Benefits of Vermicast in point form.

Benefits of Vermicast in point form.

 The value of vermicast lies in:

The plant growth stimulants, the cationic exchange rate and the soil benevolent biota.


Biota – Micro-organisms beneficial to the soil.

Cationic Exchange Rate – Exchange rate at which trace elements (cationic = positive) are attracted to vegetative matter (anionic = negative).

Plant growth stimulants:

During the vermicomposting process when organic matter passes through the worm’s gut, it undergoes physico-chemical and biochemical changes by the combined effect of earthworm and microbial activities.

Vermicasts are coated with mucopolysaccharides and enriched with nutrients. The cellulolytic, nitrifying and nitrogen fixing microbes are found established in the worm cast.

Earthworms directly cycle the nitrogen by excretion in the casts, urine and mucoprotein and through the turnover of earthworm tissues.

Earthworms increase the amount of mineralized nitrogen from organic matter in soil. The microbial composition changes qualitatively and quantitatively during passage through the earthworm intestine (Pedersen and Hendriksen, 1993).

Vermicompost also contained Mg, Ca, Fe, B, Mo and Zn in addition to some of the plant growth promoters and beneficial microflora.

Several valuable compounds were also produced through the earthworm – microfloral interaction, which included vitamins such as B12 and plant growth hormones such as gibberellins.

Many researchers have found that vermicast stimulates further plant growth even when the plants are already receiving optimal nutrition.

Vermicomposts have consistently improved seed germination, enhanced seedling growth and development, and increased plant productivity.

Vermicompost includes plant-growth regulators which increase growth and yield.

 Cationic Exchange rate benefit:

In simple terms this means that trace elements are attracted to vermicast and readily bond to it in the same way that opposite poles of a magnet attract each other.

Plants have a stronger pull than the vermicast and can therefore draw the trace elements away from the vermicast and into their roots.

Within a year of application of vermiculture technology to the saline soil, 37% more N, 67% more P2O5 and 10% more K2O were recorded as compared to chemical fertilizer (Phule, 1993).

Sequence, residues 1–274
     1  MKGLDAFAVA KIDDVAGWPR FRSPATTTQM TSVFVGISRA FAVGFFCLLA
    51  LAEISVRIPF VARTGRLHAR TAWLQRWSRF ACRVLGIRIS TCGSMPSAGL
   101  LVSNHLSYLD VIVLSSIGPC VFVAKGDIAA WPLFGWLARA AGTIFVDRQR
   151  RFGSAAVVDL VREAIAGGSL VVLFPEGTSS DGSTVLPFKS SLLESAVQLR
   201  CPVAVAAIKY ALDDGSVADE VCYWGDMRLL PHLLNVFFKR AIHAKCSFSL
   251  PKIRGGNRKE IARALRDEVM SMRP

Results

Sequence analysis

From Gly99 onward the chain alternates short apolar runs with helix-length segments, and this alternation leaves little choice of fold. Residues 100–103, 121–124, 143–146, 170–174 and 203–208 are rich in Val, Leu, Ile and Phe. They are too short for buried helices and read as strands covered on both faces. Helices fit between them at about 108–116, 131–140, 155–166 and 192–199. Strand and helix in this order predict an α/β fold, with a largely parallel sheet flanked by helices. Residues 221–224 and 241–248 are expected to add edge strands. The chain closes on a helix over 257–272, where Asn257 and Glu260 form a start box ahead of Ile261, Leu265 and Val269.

Atiyeh et al. (2000) found that compost was higher in ammonium, while Vermicompost tended to be higher in nitrates, which is the more plant-available form of nitrogen.

Similarly, work at NSAC by Hammermeister et al. (2004) indicated that “Vermicomposted manure has higher N availability than conventionally composted manure on a weight basis”. The latter study also showed that the supply rate of several nutrients, including P, K, S and Mg, were increased by vermicomposting as compared with conventional composting.

 Soil Benevolent Biota Benefit:

The biota introduced to the soil in vermicast (or its derivatives) can work away out of sight, releasing the minerals already there and trapping free nitrogen from the atmosphere.

Vermicasts are excellent media for harbouring N-fixing bacteria (Bhole, 1992).

Vermicompost can be as much as 1000 times as microbially active as conventional compost.

These are microbes which are much better at transforming nutrients into forms readily taken up by plants than you find in compost – because we’re talking about thermophillic microbes in compost – so that the microbial spectrum is quite different and also much more beneficial in a Vermicompost.

Vermicast acts as a disease suppressor

Edwards and Arancon (2004) report that “…we have researched the effects of relatively small applications of commercially-produced vermicomposts, on attacks by Pythium on cucumbers, Rhizoctonia on radishes in the greenhouse, and by Verticillium on strawberries and Phomopsis and Sphaerotheca fulginae on grapes in the field.

In all of these experiments, the Vermicompost applications suppressed the incidence of the disease significantly.”

Earthworms not only disperse microorganisms important in food production but also associated with mycorrhizae and other root symbionts, biocontrol agents and microbial antagonists of plant pathogens as well as microorganisms that act as pests (Edwards and Bohlen, 1996).

 Fungus Control with Worm Castings:

Four research articles were found where fungus control using worm castings was carried out under close academic protocol. Phytophthora nicotiniae3, fusarium oxysporum4, sclerotinia sclerotium5, and sclerotum cepivorum6, were able to be controlled with the use of earthworm castings.

Fungus control in inoculated soil tests was not achieved when too little of the earthworm castings were used. The 20% level (one inch layer) that the field tests showed effective was confirmed as an effective concentration in the research articles.
Improved Application and Further Tests: Several rose applications with definite fungus problems were tested with the same 20% application and showed clear improvement in less than 30 days.